I understand that I'm probably going to get emails from what I've wrote already, because I'm not an expert in Transgender issues.  Send your emails, however, because I do want to learn more and understand to a greater degree.

But I am an expert in some things.  Allow me to school you on why reclassifying a men's and women's bathroom to gender neutral-status doesn't work:

Men are pigs.  Females deserve better.  

If 10 dudes use a bathroom during the day, odds are it is not going to be suitable for a woman, or anyone who wants to sit down.  This just in - Men often go to the bathroom standing up.  Hit this link if you want to see the legal world in action on this issue.  

When businesses make existing single-stall bathrooms gender neutral, females (anyone identifying as female) lose.  And this trend is alive and well in some areas of the country.  It's a natural, completely understandable reaction to the capital cost of building new facilities.  

I can only hope this trend can be avoided as transgender issues become more accepted and we work through the same challenges in the workplace.

Rights for everyone - Ok and check.  Let's evolve together.

Rights for dudes to use bathrooms on a frequent basis that females will have to use afterwords - we're better than that America.  

No.  Just no.

 


YES: It's Only a Matter of Time Before Someone Gets Their ### Kicked at Your Company for Wearing Snapchat Spectacles

Of course, I can't call it Snapchat anymore.  Snapchat's renamed their company to "Snap", since they will be moving to things other than the expected "snapchats".

You know, like taking video in public that might get you assaulted.

Confused?  Snap(chat) has launched the next version of Google Glass (remember that?) called Snap Spectacles, which help you shoot video of the world you're seeing via a camera installed on Snap sunglasses. More from the Verge:

"The company formerly known as Snapchat surprised the world last night by unveiling Spectacles, its first hardware product. The sunglasses, which record videos in 10-second increments, are expected to be available for sale sometime "soon." Snap Inc., as the company is now called, says it will be producing the glasses in small quantities. 

They're connected sunglasses that record video snippets that get saved to your Snapchat Memories. Its camera has a 115-degree lens meant to more closely approximate how humans see. The glasses will cost $130, come in one size, and be available in three colors: black, teal, and coral.

Tap the button on the top left-hand corner of the sunglasses to begin recording a snap. It will automatically stop recording after 10 seconds — but if you want additional recording time, you can tap again to add another 10-second increment."

Translation.  Someone's going to get there ### kicked at a company near you soon.  Especially if you order Coral.

One of the joys of Google Glass was that Google did a very soft release, only giving the product to absolute trendsetters and digerati.  That meant the limited number of geeks took them into restaurants and bars, and, you guessed it - found themselves in dustups as the non-digerati (as I affectionately call those without Google Glass) as they expressed their displeasure with the threat of being recorded.

Shapchat?  Even though the company will do a limited release, the reality is that this product will likely get deeper in society than Google Glass.  2nd generation products always do, and Snapchat is viewed as fun, innovative and they next big thing.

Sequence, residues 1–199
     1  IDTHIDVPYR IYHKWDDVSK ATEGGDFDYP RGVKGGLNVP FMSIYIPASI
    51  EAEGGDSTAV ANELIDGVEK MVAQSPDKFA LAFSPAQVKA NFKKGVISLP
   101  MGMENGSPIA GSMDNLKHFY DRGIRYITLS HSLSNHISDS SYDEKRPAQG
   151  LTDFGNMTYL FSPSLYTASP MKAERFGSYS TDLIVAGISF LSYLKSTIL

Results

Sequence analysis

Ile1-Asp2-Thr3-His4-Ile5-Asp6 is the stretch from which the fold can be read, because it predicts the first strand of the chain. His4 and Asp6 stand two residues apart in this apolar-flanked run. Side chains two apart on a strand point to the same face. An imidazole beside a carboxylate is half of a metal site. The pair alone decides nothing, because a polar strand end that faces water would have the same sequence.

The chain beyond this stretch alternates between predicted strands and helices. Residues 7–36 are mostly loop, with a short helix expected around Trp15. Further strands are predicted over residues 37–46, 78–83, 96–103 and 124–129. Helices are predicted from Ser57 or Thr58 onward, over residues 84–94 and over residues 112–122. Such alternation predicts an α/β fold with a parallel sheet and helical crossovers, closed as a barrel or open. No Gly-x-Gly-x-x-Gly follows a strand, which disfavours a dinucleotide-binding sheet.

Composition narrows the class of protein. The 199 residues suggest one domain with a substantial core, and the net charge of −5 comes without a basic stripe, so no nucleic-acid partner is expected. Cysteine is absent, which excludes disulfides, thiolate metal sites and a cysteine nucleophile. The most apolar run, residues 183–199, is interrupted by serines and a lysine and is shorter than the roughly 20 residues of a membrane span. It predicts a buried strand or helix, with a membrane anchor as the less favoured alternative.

Which means one thing.  You'll see more dustups in the workplace related to Snap Spectacles than you ever did with Google Glass.

PS - homeboy in the picture looks like the biggest geek you can think of in your company, or Max Headroom, depending on how old you are.


Evil Michael Phelps: For All Our Talk About Being Global, We Still Like to Stick it To Other Countries...

By now, you've seen the pictures of Michael Phelps brooding while some South African dude who beat him four years ago was gyrating in front of him like an exotic dancer in Rio.

One of the biggest sporting moments of his life, and Phelps knew what to do. He nourished the rage, the hate and let the anger do the work for him. Phelps

We loved him for it. For all the talk about anyone considering voting for Trump being a xenophobe (way too simple as an explanation, but that's another post), let's be honest about being American:

We love to beat other countries and be the best. And if it includes someone being nasty on the world's biggest stage, we're OK with that.

Lilly King's finger wagging to the reported drugged-up Russian?  We signed off on that as well. More please.

It's the equivalent of swimming becoming pro wrestling, but I'm not criticizing the athletes.  Instead, I have this question:

Who the #### let the cameras in the staging area for us to be voyuers like gleeful, clique-loving teenagers?

Let's be honest - it's the workplace version of cameras in the break room or the bathroom.  Imagine if we had those and had the opportunity to break down that film:

"Did you see the look Beth gave Dawn when she was being so animated by the toaster?  WOW - I can't wait to see them compete at the status meeting at 11am."

The stories related to what we saw in the backroom for both Phelps and King were great. I'm interested in America's reaction to us acting like what we are - THE MOST COMPETITIVE COUNTRY AND PEOPLE IN THE WORLD - and the fact we have no concerns.  I support it, because I like people who complete and don't really care what they do to get up as long as it's legal.  Plus, act like an ass long enough in the workplace and you have to deal with the consequences.

Unless you win.  Then the consequences are limited.

America loves people who compete. We also love winners.  The next Olympics will find the swimmers more guarded in the "ready" or "staging" room, or whatever it's called. At that point, we won't get the goods - seeing competition at its rawest - so we'll have to move the cameras back to the bus or the lobby in the Olympic Village.

God bless America and its natural disposition to want to win.